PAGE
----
The Story Behind Rineke Dijkstra’s Poignant New Portraits

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Hel, Poland, August 12, 1998
Hel, Poland, August 12, 1998Copyright Rineke Dijkstra, Courtesy the artist and Marian Goodman Gallery New York, Paris and London

As part of our #CultureIsNotCancelled campaign, Daisy Woodward talks to Rineke Dijkstra about her new exhibition at Marian Goodman gallery, which in lieu of a physical show has moved online

This article is published as part of our #CultureIsNotCancelled campaign:

Dutch photographer and filmmaker Rineke Dijkstra makes portraits like no one else. Her works are large in scale, betray a command of lighting, composition and visual acuity as impressive as that of the 17th-century Dutch masters, and are breathtakingly candid, appearing to encapsulate the very essence of her subjects. Some of her most famous photographs depict single figures – think: her 90s photographs of angularly posed adolescents, standing on a beach in their bathing suits, or Olivier, the young, furrow-browed officer she captured as he climbed the ranks of the French Foreign Legion – but she is also beguiled by group portraiture, the subject of her new online exhibition at London’s Marian Goodman gallery. “I am always looking for authenticity in people, their individuality and how they distinguish from others,” Dijkstra tells AnOther, “but also, what connects them and how people relate to each other.”

The show looks at various types of collective scenarios. Night Watching, for instance, an enthralling three-screen video installation commissioned by Amsterdam’s Rijksmuseum, features 14 different groups of people – from Dutch school girls to Japanese businessmen – observing, and talking in front of, Rembrandt’s magnum opus, The Night Watch (1642). The painting itself is off screen, allowing viewers to hone in on the awed gallery goers instead, and their united response to one of art history’s most seminal group paintings.

But the exhibition’s most prolific grouping is the family portrait. “It started with a number of commissions, and then I realised that it’s a beautiful subject for me,” Dijkstra explains of her enduring fondness for the familial, which has resulted in multiple depictions of siblings, photographed at home, over the course of her 30-year career. “I like the idea that the families will go on living with their portraits,” she expands. “Every day, they will see how I depicted them, how they are frozen at a more or less random point in a past that will seem further and further away. Meanwhile, the family will continue to evolve, the differences will be barely visible from day to day, so it’s the unchanging portrait that will make them conscious of all the changes. That will make the portrait a kind of baseline, a lasting reminder that time goes by.”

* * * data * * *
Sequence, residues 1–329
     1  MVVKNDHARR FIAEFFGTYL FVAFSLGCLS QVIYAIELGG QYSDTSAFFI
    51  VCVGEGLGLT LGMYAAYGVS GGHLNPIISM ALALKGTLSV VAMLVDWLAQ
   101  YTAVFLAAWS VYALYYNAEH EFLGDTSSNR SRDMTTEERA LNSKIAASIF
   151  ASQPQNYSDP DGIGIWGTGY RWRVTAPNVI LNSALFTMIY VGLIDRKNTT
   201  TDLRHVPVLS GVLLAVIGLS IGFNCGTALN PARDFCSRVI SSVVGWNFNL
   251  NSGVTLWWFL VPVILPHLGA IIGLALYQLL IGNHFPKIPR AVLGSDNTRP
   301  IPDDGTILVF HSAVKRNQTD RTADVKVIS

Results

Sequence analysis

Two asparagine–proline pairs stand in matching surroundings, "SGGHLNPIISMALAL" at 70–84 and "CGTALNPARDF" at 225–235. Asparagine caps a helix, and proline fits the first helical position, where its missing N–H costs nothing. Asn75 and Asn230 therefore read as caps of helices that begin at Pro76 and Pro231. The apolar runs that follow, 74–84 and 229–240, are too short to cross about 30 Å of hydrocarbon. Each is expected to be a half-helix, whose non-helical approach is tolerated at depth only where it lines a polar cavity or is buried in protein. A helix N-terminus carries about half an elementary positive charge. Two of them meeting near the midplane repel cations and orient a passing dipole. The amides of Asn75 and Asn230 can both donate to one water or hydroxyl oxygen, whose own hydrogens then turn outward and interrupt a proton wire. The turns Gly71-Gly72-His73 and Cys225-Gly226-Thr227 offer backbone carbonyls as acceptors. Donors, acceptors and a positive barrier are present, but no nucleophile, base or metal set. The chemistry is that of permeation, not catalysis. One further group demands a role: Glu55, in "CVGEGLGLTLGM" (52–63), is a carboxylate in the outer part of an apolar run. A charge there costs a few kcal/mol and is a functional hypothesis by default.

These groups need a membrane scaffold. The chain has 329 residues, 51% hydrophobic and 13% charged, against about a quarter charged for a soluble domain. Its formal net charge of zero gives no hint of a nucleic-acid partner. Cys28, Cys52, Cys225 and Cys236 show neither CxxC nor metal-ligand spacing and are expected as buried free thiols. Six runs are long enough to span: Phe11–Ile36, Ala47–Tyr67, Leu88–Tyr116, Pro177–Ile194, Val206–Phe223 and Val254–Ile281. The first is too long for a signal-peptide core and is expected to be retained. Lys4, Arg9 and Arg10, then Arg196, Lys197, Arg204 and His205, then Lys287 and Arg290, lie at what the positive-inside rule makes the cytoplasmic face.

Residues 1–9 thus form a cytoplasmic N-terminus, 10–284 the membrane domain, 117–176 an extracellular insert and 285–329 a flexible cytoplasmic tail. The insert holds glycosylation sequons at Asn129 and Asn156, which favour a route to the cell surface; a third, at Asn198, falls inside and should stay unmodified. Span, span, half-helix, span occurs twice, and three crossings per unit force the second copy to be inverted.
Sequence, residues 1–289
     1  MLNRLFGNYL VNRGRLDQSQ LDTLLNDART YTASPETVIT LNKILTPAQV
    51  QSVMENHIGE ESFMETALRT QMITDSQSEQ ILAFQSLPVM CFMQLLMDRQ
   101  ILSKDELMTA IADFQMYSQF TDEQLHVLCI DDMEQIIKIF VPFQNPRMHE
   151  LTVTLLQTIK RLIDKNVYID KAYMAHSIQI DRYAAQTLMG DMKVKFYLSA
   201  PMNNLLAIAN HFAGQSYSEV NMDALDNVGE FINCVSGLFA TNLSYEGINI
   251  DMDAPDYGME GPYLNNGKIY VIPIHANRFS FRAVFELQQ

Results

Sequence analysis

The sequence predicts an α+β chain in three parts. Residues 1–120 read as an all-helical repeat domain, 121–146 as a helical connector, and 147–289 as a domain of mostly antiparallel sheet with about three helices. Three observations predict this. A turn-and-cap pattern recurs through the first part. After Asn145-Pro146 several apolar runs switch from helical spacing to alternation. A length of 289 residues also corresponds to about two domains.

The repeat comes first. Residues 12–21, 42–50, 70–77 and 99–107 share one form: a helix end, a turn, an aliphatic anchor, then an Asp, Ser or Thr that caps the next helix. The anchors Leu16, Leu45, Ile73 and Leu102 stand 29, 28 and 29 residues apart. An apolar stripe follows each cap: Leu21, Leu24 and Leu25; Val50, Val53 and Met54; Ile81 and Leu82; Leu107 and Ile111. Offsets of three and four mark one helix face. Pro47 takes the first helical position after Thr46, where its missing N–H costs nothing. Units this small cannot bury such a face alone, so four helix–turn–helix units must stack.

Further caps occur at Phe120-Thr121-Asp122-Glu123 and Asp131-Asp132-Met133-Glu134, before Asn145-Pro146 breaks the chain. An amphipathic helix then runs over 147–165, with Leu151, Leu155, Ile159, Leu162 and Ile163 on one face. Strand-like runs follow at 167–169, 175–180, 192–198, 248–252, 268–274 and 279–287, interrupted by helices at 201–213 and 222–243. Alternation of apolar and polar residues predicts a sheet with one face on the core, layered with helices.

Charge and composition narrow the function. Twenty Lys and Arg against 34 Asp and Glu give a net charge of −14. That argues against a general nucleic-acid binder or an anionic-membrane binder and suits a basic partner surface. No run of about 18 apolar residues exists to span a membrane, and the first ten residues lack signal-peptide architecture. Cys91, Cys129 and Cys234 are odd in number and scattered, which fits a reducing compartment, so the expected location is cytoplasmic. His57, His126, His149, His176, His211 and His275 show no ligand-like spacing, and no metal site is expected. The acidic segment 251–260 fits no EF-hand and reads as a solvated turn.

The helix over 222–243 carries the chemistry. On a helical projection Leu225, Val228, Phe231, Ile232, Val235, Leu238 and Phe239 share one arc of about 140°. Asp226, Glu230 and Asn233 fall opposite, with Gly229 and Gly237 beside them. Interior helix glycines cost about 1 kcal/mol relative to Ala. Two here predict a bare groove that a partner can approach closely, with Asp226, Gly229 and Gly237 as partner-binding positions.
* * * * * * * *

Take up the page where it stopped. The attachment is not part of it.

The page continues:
The passing of time is a resonant theme in Dijkstra’s work, and she frequently returns to her sitters to capture them as they grow and change. Two key series on display, Emma, Lucy, Cecile, (Three Sisters) (2008–2014) and Chen and Efrat (1999–2005), depict sisters: the first grouping, three Dutch siblings of differing ages; the second, a pair of Isreali twins. For both projects, Dijkstra shot the young women over a number of years, poignantly observing their journeys from childhood, through the inevitable awkwardness of puberty (all frumpy tops, and insouciant expressions), and out the other side. In each image the backdrop is intentionally pared-back, enabling the protagonists to command our full attention, while they in turn stare back at us, their eyes focussed intently on the camera before them.

The marked intimacy of these portraits is a testament to the connection Dijkstra so ably cultivates between herself and her elected subjects. “The way I select people is always quite intuitive,” the photographer reveals. “I should feel a click, I think it is recognition.” But it’s not until the shoot itself that she can determine whether or not the necessary elements for a successful photograph are at play. “It is of course primarily about the person: the dynamics and the concentration which occurs during shooting; whether someone will surrender to the camera and drop their pose a bit. Everything should come together like loose puzzle pieces: the posture, the gestures and the facial expression, but also the composition, the light, the colours. And then it’s certain details – especially the ones you don’t usually notice at first – that can lift the picture above itself.”

And indeed, whether it’s the almost indiscernible touching of a knee to a sister’s shoulder (as in Sophie and Alice, Savolinna, Finland, August 3, 2013), the decision of one identical twin to wear earrings, and the other a choker (Chen and Efrat, Israel, 16 Dec. 2000), or the mirroring – intentional or not – of an older sister’s leg positioning (Marianna and Sasha, Kingisepp, Russia, November 2, 2014), it is such minutiae that give way to narrative speculation and poetic reflection on human connection. “I hope that my portraits can gain universal value and will tell their own story within the context of their subject,” Dijkstra affirms. “In the concentrated and clenched moment of a picture, and the small details you can perceive in it, you can generate attention and meaning, which mostly escape us in everyday life.”

View the exhibition online now.